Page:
With such a device, data can be transferred from a RAM for use in normal tasks to an EEPROM or the like, thereby making it unnecessary for write data to be deployed into a different region in advance, or for an EEPROM or the like to be separately controlled so as to write data to a buffer. Use of an incorporated high-speed writable memory in tasks of a system or the like essentially requires a simultaneous execution of an external memory operation and a data transfer operation. To this end, as the high-speed writable memory, a dual port memory was preferably used.

However, the dual port memory has drawbacks, such as a large increase in cell area, a degradation in characteristics of memory elements, and the like. Further, an increase in memory capacity disadvantageously leads to an increase in cost, an increase in an area occupied by elements, a decrease in performance, and the like.

The term “external memory operation” as used herein indicates that a memory is operated by a command issued from outside of the memory so that data is input to the memory issued from out side of the memory or is output outside of the memory.

The term “externally” in “externally read”, “externally written”, “externally instructed”, and the like, as used herein indicates that such an operation is controlled by a command issued from outside so that data or instructions are transferred from or to outside of the memory.

FIG. 10 is a block diagram of an exemplary configuration of a conventional semiconductor memory device, showing major parts thereof. The semiconductor memory device carries out memory operations for a first conventional memory comprising of high write-speed memory elements and a second conventional memory comprising of low write-speed memory elements, and a data transfer operation which transfers data (the contents of the memory) between the memories. The semiconductor memory device will be described with reference to FIG. 10. In the data transfer operation, data is mainly transferred from the high write-speed memory to the low write-speed memory. Reverse data transfer is also useful since the load of an external control device or the like can be reduced. There is substantially no difference in the data transfer operation between both directions. Here, only data transfer from the high write-speed memory to the low write-speed memory will be described.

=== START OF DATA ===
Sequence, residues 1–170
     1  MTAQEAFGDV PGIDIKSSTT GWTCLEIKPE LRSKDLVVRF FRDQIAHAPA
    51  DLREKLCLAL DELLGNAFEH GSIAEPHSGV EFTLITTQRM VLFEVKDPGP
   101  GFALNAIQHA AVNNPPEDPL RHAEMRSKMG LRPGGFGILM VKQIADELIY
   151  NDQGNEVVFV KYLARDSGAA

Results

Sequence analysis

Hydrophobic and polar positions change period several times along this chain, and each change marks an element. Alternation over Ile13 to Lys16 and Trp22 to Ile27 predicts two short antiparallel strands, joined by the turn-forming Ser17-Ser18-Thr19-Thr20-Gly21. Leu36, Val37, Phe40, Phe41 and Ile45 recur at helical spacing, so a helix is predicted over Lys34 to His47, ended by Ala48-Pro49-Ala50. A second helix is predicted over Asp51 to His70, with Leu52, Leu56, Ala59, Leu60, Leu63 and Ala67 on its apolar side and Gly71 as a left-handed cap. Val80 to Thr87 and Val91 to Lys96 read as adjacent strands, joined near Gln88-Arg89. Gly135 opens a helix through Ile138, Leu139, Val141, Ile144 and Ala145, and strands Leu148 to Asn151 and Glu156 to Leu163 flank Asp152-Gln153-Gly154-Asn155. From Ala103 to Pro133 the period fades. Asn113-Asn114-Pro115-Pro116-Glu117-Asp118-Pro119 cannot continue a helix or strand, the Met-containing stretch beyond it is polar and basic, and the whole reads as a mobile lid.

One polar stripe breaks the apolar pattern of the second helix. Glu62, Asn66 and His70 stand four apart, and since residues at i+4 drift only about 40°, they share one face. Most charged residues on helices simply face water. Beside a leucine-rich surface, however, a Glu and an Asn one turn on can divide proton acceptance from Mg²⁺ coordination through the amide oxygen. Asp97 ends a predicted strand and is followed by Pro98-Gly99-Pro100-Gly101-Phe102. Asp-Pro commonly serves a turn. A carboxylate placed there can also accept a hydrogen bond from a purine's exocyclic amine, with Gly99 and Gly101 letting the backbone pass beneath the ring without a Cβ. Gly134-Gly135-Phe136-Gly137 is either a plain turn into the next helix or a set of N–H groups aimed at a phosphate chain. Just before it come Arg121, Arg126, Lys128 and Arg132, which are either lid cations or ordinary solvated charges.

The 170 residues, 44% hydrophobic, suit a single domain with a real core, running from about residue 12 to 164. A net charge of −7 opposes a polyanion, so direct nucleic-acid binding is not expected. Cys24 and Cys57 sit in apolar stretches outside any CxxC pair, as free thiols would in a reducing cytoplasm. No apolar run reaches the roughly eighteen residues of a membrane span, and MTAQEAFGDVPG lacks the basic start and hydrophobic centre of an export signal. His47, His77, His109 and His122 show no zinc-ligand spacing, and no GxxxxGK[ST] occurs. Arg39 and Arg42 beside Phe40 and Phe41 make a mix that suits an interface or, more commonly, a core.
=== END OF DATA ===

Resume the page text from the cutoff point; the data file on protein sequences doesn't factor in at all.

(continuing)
As shown in FIG. 10, a semiconductor memory device 490 comprises: a control bus 401 and a data bus 402 externally connected: a switching circuit 410 (MUX0) for transferring information to each section in accordance with external control instructions; a write state machine (WSM) 460 for controlling data transfer operations and the like; a memory 430 (MEM1), such as an SRAM and the like, comprising of high-speed writable memory elements; a switching circuit 420 (MUX1) for switching between control of the memory 430 instructed by the WSM 460 and control of the memory 430 externally instructed; a memory 450 (MEM2), such as a flash memory and the like, comprising of rewritable memory elements; and a switching circuit 440 (MUX2) for switching between control of the memory 450 instructed by the WSM 460 and control of the memory 450 externally instructed.